Dr. Ram Raju, SVP and Community Health Investment Officer at Northwell Health
In this episode, Dr. Ram Raju discusses how the global COVID-19 pandemic has impacted Northwell Health and how in future healthcare delivery systems will change in response to the crisis.
Northwell Health is one of the largest health systems in New York and has been a telemedicine leader for several years. Dr. Raju believes that healthcare systems will need to evolve and change their workflow as more and more people will be seeking care through virtual technologies. Primary care will leverage technology to shift face-to-face medicine to virtual medicine, while specialty care will stay in the hospitals.
Dr. Raju also believes that storing data in the EHRs and EMRs is going to be very different in the future with more data in video clips than text notes.
PP: Welcome back to my podcast. This is Paddy and it is my great privilege to introduce my special guest today, Dr. Ram Raju of Northwell Medicine in New York. Dr. Raju, thank you so much for setting aside some time and welcome to the show. New York has been at the center of the COVID-19 pandemic. Can you share a little bit about what the experience has been at Northwell and how it is impacted Northwell and share a little bit about your COVID-19 response efforts?
RR: This is something which none of us ever prepared for, even dreamt about. Northwell, as well as the other healthcare delivery systems in New York City, has really raised up to the challenge and especially the providers and the frontline workers have done a fantastic job of managing the flow of the patients, testing them, treating them, and able to stay with the patients and putting themselves at great risk. The health system has done a remarkable job of trying to save as many people as they could. So, this has been a story of the greatest success. We should be in this country, which really had such a devastating epidemic with a tremendous amount of sacrifice on the part of the people to get this done. Now we see a diminution of the number of patients who are coming to our EDs with the virus syndromes, as well as to the number of people who are in the ICU and the number of people who are on the ventilator. All of them are showing a very, very good downward trend. So, it looks like we are probably behind the apex of the curve, but this also has to do a lot with what the government has done and also the discipline of the New Yorkers in practicing very, very strict social distancing, which has helped us a lot.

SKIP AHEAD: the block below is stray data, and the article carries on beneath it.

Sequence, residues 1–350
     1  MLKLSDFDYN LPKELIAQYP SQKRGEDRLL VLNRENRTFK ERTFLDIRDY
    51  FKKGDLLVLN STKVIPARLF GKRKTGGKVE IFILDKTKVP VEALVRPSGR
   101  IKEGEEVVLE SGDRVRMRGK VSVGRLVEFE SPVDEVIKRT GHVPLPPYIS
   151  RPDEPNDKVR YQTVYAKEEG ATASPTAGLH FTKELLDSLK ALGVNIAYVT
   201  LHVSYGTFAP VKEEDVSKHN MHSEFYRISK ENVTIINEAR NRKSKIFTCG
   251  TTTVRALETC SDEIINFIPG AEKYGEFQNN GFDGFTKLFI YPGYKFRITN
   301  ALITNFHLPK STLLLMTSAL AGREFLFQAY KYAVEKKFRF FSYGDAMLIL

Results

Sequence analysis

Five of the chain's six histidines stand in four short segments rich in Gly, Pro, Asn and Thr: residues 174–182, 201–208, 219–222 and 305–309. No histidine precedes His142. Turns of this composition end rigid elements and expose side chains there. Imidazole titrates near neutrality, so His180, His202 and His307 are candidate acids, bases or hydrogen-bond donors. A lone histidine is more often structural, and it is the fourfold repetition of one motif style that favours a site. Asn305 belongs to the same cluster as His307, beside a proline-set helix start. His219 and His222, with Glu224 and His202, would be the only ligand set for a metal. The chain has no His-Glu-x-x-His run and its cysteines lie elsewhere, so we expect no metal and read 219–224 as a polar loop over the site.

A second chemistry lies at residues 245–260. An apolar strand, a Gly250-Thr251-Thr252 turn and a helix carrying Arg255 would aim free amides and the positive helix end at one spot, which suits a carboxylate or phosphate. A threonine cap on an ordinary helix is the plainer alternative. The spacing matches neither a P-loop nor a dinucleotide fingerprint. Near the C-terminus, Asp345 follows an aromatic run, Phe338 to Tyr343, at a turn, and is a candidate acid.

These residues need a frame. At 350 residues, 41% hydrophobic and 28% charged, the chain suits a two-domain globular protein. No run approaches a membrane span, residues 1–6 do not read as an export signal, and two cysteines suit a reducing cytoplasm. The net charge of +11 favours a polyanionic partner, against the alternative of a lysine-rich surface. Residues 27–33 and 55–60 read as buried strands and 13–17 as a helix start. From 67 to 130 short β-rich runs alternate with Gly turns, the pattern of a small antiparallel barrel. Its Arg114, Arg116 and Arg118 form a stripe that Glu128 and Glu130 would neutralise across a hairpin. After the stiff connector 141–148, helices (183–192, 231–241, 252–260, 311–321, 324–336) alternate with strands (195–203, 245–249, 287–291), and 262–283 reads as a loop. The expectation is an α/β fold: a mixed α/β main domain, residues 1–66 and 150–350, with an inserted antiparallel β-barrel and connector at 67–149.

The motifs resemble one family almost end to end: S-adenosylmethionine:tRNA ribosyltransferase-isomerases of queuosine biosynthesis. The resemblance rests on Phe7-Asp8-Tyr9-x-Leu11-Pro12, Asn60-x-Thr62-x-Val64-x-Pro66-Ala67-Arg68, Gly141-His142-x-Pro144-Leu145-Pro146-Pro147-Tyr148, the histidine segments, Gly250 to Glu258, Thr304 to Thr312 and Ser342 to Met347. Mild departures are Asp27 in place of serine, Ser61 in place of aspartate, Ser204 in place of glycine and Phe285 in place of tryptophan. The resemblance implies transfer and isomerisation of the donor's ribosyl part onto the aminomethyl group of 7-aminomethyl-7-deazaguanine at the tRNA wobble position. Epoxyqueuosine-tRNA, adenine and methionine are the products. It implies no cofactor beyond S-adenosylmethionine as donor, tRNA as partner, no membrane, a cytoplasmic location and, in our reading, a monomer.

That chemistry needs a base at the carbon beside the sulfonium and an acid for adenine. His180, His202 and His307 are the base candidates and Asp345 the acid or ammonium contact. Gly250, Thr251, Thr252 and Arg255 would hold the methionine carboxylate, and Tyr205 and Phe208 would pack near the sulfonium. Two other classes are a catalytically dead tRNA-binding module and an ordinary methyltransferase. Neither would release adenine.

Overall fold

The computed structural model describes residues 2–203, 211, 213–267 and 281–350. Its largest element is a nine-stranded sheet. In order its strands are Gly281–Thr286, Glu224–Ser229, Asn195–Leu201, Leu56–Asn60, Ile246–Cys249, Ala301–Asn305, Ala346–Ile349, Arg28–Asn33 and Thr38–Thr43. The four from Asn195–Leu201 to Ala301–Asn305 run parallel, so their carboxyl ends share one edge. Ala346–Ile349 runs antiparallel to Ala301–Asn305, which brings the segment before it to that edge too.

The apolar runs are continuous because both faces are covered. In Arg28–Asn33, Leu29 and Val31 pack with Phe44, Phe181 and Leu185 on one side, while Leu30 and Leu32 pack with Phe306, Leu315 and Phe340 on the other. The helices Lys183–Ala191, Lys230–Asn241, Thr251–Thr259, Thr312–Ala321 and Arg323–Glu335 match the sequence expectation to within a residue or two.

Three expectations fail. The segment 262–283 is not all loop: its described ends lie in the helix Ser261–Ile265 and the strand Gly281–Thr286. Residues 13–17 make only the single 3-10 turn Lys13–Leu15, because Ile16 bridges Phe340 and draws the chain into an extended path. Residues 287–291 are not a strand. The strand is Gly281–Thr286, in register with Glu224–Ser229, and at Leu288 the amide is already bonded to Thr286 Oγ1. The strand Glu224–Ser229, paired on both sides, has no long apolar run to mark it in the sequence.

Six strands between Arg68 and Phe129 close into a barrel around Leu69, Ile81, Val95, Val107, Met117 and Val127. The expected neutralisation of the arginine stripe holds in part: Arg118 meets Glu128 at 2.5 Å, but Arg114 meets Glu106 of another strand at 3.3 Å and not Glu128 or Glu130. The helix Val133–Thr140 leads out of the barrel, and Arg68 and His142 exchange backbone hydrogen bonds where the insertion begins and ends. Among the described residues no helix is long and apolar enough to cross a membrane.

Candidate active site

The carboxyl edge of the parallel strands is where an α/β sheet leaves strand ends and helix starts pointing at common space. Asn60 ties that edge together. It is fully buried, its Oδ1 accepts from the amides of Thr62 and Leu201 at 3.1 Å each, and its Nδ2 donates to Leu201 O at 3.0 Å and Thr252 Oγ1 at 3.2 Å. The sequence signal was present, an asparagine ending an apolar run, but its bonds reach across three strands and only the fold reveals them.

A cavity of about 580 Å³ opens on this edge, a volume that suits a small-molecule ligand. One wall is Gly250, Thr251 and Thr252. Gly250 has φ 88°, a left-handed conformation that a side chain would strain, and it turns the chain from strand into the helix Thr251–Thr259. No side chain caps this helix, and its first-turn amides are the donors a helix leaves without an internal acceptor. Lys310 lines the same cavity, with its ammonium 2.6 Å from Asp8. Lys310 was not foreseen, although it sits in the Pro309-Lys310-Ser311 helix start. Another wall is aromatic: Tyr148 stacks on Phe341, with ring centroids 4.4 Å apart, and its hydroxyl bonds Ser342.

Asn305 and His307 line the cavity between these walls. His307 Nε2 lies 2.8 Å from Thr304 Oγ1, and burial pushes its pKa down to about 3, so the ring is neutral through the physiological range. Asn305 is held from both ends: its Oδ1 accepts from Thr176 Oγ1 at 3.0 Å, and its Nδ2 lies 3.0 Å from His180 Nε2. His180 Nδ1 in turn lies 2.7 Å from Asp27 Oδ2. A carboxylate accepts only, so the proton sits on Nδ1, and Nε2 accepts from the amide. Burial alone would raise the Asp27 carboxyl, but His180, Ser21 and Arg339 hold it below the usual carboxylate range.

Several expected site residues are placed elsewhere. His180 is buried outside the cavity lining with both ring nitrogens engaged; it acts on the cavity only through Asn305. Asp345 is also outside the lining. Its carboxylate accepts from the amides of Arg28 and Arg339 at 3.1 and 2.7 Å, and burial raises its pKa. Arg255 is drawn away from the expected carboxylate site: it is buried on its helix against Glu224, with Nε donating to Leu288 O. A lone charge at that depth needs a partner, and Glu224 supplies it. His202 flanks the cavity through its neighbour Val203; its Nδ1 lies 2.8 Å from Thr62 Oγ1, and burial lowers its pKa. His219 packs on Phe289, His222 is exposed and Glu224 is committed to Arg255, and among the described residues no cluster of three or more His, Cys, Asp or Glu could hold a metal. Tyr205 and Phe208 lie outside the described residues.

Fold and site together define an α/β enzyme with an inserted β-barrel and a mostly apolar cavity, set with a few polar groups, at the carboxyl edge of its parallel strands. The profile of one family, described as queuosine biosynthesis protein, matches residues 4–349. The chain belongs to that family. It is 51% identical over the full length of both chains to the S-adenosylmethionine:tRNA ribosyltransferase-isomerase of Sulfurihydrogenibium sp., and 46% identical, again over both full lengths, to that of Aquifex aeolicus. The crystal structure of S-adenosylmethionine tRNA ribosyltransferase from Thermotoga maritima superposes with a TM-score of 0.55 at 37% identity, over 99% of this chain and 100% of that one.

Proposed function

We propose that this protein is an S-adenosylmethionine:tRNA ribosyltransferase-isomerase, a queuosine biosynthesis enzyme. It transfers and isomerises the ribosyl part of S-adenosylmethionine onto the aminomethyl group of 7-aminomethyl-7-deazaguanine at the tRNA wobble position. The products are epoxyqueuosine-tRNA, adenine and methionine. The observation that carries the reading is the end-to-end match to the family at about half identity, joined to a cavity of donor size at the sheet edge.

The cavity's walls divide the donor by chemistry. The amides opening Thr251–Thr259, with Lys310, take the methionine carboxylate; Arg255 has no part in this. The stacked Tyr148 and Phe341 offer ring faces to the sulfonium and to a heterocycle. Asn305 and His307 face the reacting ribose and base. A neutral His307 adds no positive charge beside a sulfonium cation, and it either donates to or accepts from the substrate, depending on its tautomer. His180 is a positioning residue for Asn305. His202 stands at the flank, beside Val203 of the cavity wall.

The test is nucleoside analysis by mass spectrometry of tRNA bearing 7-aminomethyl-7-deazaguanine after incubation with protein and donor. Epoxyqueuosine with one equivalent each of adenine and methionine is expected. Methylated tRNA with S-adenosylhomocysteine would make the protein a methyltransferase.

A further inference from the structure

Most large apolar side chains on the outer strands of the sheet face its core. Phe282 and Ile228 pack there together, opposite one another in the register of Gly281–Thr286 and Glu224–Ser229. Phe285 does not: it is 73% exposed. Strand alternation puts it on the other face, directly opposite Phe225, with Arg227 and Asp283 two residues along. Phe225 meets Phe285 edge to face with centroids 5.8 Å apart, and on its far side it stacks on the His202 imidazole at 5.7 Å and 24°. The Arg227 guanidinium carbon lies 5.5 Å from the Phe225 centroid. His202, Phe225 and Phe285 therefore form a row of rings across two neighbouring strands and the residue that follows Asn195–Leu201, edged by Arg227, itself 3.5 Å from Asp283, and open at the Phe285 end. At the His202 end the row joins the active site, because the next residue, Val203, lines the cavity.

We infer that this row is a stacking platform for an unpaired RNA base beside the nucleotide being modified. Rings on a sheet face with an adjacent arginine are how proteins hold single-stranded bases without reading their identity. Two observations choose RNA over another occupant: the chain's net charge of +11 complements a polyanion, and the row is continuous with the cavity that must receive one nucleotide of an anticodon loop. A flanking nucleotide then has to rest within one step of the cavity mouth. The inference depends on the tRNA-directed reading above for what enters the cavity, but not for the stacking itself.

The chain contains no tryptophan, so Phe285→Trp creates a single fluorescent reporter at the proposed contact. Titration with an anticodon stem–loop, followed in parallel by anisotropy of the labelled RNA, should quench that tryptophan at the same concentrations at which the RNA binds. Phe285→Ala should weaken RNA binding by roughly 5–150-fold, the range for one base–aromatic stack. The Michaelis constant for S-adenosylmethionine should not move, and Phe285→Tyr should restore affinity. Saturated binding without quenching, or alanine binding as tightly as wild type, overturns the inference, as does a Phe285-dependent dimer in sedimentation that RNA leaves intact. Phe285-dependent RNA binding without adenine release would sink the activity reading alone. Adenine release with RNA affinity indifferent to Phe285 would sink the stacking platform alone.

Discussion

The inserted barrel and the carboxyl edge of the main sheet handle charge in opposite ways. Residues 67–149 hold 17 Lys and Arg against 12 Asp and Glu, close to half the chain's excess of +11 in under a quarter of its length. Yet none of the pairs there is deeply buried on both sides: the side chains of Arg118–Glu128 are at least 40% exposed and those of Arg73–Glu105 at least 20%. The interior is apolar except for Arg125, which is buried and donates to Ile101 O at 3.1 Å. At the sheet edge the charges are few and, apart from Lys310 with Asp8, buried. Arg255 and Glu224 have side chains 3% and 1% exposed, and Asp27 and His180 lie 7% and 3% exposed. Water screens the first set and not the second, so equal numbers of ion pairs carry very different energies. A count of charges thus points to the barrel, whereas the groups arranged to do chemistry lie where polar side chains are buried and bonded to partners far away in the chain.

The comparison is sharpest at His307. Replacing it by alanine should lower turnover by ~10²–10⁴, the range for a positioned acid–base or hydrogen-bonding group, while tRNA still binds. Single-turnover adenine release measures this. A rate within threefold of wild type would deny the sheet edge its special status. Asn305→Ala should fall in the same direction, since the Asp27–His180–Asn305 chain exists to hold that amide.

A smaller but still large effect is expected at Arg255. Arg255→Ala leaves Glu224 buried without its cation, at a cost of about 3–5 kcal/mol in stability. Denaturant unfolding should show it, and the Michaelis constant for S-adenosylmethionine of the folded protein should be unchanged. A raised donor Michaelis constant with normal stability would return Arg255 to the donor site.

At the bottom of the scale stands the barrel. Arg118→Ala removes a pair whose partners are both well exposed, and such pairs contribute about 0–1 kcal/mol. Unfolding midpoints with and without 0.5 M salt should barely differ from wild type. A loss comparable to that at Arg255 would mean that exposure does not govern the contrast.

PP: Thank you for providing us with that background. I hope for the sake of New Yorkers and for everyone else across the country and the world, that we put this behind us as soon as possible. The healthcare impact and the immediate need of having to identify and treat those that are infected with COVID-19 is one part, there is obviously a significant financial impact to the broader economy as a whole because of the shelter at home and the health systems in particular as a result of the pandemic. I know that the federal government has done its best to help through CARES Act to set aside some money at 100 billion to help hospitals deal with additional costs. Is that making a difference? What is the outlook for hospitals and health systems in financial terms in this coming year?